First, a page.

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Her spirit and service benefited North End

KINGSTON — No matter her condition, Kathleen Sutton was always working, always trying to make the Little City by the Sea a better place to live. From her tenure as chamber president to making sure Kingston’s historic Independence Day parade went as planned, nothing stopped her from getting the job done.

However, those who worked alongside Sutton in the past will now have to continue these efforts without her leadership.

Sutton died April 19 in Seattle after battling breast cancer for more than six years. She was 60.

She was a vivid character in Kingston as a member of the Kingston Chamber of Commerce, Kingston Kiwanis, Kingston Yacht Club and the Kitsap County Association of Relators. Sutton was very active in working to bring passenger-only ferries to Kingston and served as a member of the local POF committee. She was also the director of Kingston’s famous 4th of July parade in 2001 and 2002.

“I don’t think she had a fear of dying or moving on, I think she had a fear of not getting the jobs done,” said co-worker and friend Sonny Woodward.

The two shared an office in the Kingston John L. Scott building and whenever Sutton would come up with a plan that she felt was important to carry out, Woodward said he couldn’t refuse, regardless whether he agreed with the idea or not.

“The fact that she sat here for the last eight to nine years, I felt like her little brother,” he said with a laugh, noting they almost had a “sibling rivalry” friendship.

Sutton was recognized for her work in the community with various honors, including the Helen Meredith Award for community service, the Don and Ellen Nakata Community Hero Award in 2002 and the John L. Scott Emerald Award.

Aside from making sure Kingston’s chamber was helping the local economy and community events were taking place as scheduled, her professional life was just as busy. Sutton was a real estate broker and owner of Appletree Cove Realty until 1997 when she joined the John L. Scott office in Kingston as a sales associate.

Her other professional careers included working for the Canadian government as a helicopter pilot for fire patrol and animal management. She also ran a helicopter tour program at local fairs in the Northwest. On the water, she assisted and piloted yachts for a yacht delivery service, including transporting the vessels along both the East and West Coasts. Sutton also had a fixed-wing aircraft pilot license and drove race cars in the Powder Puff Derby.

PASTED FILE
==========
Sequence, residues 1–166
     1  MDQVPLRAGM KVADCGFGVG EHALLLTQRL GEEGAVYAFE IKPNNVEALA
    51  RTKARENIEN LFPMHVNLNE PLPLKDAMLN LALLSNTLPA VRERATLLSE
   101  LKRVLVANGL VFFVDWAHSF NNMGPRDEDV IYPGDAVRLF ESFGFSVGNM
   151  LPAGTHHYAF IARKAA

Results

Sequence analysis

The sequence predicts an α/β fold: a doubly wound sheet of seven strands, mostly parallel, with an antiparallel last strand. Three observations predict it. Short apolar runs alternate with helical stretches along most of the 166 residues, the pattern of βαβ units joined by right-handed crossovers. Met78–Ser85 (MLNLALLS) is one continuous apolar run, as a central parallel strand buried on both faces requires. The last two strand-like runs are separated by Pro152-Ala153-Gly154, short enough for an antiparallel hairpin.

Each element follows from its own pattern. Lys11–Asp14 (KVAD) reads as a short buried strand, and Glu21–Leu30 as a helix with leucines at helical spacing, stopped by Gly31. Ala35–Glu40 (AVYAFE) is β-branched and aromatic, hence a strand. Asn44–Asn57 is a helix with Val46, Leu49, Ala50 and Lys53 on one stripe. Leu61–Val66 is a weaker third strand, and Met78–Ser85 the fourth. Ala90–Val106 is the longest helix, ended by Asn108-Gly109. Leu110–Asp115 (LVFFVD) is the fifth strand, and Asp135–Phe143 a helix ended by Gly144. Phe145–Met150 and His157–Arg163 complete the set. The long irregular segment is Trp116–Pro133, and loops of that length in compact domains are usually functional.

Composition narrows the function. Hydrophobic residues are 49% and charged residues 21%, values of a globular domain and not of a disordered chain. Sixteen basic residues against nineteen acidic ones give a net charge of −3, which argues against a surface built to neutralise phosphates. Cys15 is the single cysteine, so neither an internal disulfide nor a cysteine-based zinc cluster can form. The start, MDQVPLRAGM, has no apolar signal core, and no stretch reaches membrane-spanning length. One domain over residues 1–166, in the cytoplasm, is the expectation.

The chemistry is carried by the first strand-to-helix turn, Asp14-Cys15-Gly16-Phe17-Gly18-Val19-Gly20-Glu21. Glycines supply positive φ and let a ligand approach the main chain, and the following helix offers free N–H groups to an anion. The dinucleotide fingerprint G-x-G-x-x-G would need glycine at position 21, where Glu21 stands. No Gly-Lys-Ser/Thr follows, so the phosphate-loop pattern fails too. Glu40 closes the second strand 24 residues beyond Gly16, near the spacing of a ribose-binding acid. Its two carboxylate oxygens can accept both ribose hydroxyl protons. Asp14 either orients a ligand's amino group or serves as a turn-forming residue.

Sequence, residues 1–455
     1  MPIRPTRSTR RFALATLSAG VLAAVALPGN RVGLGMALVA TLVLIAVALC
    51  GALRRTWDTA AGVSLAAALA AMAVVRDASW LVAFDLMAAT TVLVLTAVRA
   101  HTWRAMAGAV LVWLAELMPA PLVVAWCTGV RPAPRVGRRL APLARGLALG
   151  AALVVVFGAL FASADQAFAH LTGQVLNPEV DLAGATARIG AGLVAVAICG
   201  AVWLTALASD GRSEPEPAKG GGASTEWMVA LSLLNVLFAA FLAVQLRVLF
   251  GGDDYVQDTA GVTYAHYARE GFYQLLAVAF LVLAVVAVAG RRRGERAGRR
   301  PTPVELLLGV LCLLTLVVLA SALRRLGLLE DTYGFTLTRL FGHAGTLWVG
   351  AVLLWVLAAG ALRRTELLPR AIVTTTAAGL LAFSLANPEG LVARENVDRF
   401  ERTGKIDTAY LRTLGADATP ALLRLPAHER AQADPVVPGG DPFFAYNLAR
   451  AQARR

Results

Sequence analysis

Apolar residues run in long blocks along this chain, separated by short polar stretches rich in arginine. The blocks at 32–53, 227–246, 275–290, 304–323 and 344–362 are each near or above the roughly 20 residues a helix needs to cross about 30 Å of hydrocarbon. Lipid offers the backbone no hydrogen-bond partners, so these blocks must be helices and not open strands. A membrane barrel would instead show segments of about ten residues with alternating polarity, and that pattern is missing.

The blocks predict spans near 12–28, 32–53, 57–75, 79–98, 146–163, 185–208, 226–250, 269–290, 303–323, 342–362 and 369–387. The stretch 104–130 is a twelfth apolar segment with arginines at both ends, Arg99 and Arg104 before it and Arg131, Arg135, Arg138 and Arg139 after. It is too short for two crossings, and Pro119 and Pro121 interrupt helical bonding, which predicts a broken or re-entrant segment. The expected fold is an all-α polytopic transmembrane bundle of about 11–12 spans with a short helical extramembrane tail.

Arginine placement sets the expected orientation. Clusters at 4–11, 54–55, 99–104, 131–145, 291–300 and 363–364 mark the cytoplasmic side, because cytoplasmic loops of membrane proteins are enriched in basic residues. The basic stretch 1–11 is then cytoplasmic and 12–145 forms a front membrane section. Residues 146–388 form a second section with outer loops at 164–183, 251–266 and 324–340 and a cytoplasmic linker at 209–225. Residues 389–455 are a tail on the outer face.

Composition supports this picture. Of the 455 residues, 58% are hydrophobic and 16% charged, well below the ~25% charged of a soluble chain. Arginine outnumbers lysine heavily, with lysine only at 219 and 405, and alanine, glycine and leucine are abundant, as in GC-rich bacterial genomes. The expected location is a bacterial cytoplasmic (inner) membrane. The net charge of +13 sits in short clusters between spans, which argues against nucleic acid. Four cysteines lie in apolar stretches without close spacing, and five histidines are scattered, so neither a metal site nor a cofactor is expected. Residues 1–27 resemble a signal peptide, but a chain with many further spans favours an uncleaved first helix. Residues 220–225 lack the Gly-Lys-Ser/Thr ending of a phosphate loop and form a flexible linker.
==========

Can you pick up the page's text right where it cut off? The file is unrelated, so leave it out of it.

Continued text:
Friends and co-workers said she made a big impact on those who crossed her path.

“She’s a mentor to so many in so many ways,” said co-worker Karla Woodside. “But she proved to me she could make a difference as one person.”

Co-worker Kathy Morris said Sutton had a particularly strong influence on the John L. Scott office.

“She’s always inspired us to be more active as Realtors with community issues,” Morris said.

Sutton’s positive attitude didn’t stop with her cancer diagnosis in 1997. She trusted her doctors so much, she would try any new treatment they would put before her, Woodside said.

“She was willing to try anything with a positive outlook,” Woodside said.

Current Chamber president Tom Waggoner said the thing he will remember the most about Sutton was “her will and efforts to whip the problem she passed away from.”

It will also be hard to find someone with the strength of spirit and community service that she had, he added.

“It’s going to be very hard to replace that,” Waggoner explained. “She was very determined to get things done.”

Sutton was also well-known for annually organizing her “Flo On for the Cure,” team for the Susan B. Komen Breast Cancer Foundation Race for the Cure event in Seattle. Sutton’s team was one of the largest non-corporate fund-raisers for the foundation from 1999 through 2003.

Sutton was also the founder the Flo On Association, a funding source that was established to help breast cancer victims in the Kingston area with costs associated with traveling to and from doctor’s appointments.

While Sutton fought the battle against the disease for nearly seven years, she was determined it was not going to take her life, Woodward said.

“She never, ever let go of that,” he said.

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